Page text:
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Synthroid and other Levothyroxine Drugs Have Stability and Potency Problems

FDA Requires Manufacturers to Demonstrate Safety, Efficacy and Consistency


Updated June 11, 2014

September 1997 -- If you are taking one of the thyroid hormone replacement drugs that -- like Synthroid, Levoxyl, and others -- contain levothyroxine sodium, then the following news is of major importance to your health.

According to the Federal Register, no currently marketed orally administered levothyroxine sodium product has been shown to demonstrate consistent potency and stability and, thus, no currently marketed orally administered levothyroxine sodium product is generally recognized as safe and effective.

The government found that often levothyroxine sodium drugs do not remain potent through their expiration dates, and tablets of the same dosage strength from the same manufacturer have been found to vary in potency from lot to lot in terms of the amount of active ingredient present. This lack of stability and consistent potency has the potential to cause serious health consequences to those of us taking these drugs.

Levothyroxine sodium was first introduced into the market before 1962, without an approved "New Drug Application" (NDA), apparently in the belief that it was not a new drug.

Since that time, almost every manufacturer of orally administered levothyroxine sodium products, including Synthroid, has regularly reported recalls that were the result of potency or stability problems.

In some cases, problems result from the fact that levothyroxine sodium is unstable in the presence of light, temperature, air, and humidity. Just since 1991, there have been no less than 10 recalls of levothyroxine sodium tablets involving 150 lots and more than 100 million tablets. In all but one case, the recalls were initiated because tablets were found to be subpotent or because their levothyroxine tablets lose potency before their expiration dates. The remaining recall was initiated for a product that was found to be too potent. During this period, FDA also issued warnings to a manufacturer regarding a levothyroxine sodium product that lost potency when stored at the higher end of the recommended temperature range, and one whose potency ranged from 74.7 percent to 90.4, instead of the required 90 percent to 110 percent.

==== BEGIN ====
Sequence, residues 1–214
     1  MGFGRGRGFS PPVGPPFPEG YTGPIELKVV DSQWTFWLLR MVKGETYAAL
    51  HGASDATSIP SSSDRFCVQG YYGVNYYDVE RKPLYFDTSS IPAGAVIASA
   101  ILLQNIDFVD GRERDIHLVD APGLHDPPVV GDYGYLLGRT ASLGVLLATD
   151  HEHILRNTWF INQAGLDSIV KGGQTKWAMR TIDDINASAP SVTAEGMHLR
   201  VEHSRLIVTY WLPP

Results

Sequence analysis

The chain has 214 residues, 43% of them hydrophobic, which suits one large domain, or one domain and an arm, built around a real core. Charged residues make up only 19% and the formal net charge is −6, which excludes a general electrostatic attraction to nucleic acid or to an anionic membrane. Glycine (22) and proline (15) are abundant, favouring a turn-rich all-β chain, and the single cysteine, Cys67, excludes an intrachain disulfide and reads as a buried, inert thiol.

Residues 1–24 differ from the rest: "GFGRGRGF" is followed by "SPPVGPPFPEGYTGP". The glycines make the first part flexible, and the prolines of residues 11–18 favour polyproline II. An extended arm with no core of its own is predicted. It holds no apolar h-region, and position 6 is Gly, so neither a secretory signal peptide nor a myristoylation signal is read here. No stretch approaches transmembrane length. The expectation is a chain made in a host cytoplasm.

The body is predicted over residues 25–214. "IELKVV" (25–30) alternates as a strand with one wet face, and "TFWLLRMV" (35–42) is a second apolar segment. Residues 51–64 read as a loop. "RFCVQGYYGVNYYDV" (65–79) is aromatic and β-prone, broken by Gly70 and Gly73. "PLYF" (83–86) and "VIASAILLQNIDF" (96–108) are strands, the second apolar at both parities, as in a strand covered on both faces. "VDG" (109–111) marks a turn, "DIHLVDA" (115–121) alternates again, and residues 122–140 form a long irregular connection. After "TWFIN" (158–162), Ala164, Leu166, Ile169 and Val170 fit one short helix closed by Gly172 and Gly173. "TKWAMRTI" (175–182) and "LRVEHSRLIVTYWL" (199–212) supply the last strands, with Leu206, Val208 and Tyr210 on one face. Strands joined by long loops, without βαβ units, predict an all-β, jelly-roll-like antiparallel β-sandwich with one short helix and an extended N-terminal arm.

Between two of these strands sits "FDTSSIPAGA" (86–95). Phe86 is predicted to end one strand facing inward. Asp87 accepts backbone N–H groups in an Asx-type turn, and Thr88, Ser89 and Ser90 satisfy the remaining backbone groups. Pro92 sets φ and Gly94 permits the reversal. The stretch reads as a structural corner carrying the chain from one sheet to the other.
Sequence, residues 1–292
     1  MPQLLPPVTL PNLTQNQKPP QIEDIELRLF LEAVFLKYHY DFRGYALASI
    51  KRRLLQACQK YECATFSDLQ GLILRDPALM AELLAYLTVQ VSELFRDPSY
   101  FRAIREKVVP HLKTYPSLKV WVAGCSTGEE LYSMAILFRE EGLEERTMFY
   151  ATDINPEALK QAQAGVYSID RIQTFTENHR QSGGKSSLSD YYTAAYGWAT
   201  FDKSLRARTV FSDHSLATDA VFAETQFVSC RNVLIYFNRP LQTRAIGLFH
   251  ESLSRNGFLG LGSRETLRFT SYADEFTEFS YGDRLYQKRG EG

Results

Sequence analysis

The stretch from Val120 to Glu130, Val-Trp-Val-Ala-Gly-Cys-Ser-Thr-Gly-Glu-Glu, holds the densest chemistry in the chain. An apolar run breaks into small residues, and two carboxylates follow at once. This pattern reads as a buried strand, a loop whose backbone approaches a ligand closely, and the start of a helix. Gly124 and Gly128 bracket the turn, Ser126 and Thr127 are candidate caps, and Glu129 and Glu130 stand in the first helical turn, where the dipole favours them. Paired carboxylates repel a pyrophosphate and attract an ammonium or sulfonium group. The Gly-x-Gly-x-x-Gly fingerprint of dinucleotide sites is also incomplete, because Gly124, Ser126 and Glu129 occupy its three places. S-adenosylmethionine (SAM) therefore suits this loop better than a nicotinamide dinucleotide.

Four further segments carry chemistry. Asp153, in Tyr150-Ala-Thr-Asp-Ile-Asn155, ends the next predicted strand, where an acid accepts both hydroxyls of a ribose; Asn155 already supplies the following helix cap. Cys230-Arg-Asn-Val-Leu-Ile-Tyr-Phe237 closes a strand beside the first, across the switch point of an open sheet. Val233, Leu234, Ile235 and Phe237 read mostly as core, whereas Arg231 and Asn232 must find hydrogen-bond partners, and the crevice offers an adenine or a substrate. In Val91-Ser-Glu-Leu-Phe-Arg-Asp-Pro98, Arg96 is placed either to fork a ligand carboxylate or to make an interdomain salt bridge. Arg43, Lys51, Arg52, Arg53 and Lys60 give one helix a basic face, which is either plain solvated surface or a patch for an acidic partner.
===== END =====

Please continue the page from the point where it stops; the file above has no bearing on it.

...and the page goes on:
Problems also stem from formulation changes. Because these products are marketed without NDA's, manufacturers have not had to file for FDA approval each time they reformulate their levothyroxine sodium products. Manufacturers have changed inactive ingredients, physical form of coloring agents and other product aspects, resulting in significant changes in potency, in some cases increasing or decreasing potency by as much as 30 percent. As a result, in some cases, people on the same dosage for years became toxic on the same dose. There is evidence that manufacturers continue to make these sorts of formulation changes which affect potency.

Now, 35 years after their introduction, the U.S. Food and Drug Administration (FDA) issued notice (Federal Register, August 14, 1997) that orally administered drug products containing levothyroxine sodium are officially classified as "new drugs" and will need to go through the NDA process because of the stability and potency problems that have recently come to light.

In order to continue marketing these drugs, manufacturers will need to submit an NDA with documented evidence that each company's product is safe, effective, and manufactured in a way to ensure consistent potency. Because the drug is necessary to millions of Americans, the FDA is allowing manufacturers to continue to market these products without approved NDA's until August 14, 2000, in order to give the companies enough time to conduct the various research studies and to submit their NDAs.

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